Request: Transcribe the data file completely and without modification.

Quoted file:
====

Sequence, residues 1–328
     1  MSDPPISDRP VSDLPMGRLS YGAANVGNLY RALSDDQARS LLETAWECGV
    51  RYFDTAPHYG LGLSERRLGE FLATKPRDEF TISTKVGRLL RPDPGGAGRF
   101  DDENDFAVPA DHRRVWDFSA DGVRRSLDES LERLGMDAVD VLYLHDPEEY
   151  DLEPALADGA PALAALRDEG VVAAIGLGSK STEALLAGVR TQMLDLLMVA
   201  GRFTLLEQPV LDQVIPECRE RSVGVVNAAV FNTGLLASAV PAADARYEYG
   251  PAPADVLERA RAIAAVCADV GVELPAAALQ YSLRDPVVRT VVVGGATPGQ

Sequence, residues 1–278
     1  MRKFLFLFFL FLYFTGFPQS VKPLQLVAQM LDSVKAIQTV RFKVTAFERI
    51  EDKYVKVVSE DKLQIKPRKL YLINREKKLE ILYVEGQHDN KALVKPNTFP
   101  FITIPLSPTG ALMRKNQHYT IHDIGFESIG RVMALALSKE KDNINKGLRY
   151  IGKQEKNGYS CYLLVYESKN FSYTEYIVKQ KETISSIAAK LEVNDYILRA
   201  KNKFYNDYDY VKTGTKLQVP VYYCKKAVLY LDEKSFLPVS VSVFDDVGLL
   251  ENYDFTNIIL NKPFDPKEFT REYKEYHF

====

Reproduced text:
Sequence, residues 1–328
     1  MSDPPISDRP VSDLPMGRLS YGAANVGNLY RALSDDQARS LLETAWECGV
    51  RYFDTAPHYG LGLSERRLGE FLATKPRDEF TISTKVGRLL RPDPGGAGRF
   101  DDENDFAVPA DHRRVWDFSA DGVRRSLDES LERLGMDAVD VLYLHDPEEY
   151  DLEPALADGA PALAALRDEG VVAAIGLGSK STEALLAGVR TQMLDLLMVA
   201  GRFTLLEQPV LDQVIPECRE RSVGVVNAAV FNTGLLASAV PAADARYEYG
   251  PAPADVLERA RAIAAVCADV GVELPAAALQ YSLRDPVVRT VVVGGATPGQ

Sequence, residues 1–278
     1  MRKFLFLFFL FLYFTGFPQS VKPLQLVAQM LDSVKAIQTV RFKVTAFERI
    51  EDKYVKVVSE DKLQIKPRKL YLINREKKLE ILYVEGQHDN KALVKPNTFP
   101  FITIPLSPTG ALMRKNQHYT IHDIGFESIG RVMALALSKE KDNINKGLRY
   151  IGKQEKNGYS CYLLVYESKN FSYTEYIVKQ KETISSIAAK LEVNDYILRA
   201  KNKFYNDYDY VKTGTKLQVP VYYCKKAVLY LDEKSFLPVS VSVFDDVGLL
   251  ENYDFTNIIL NKPFDPKEFT REYKEYHF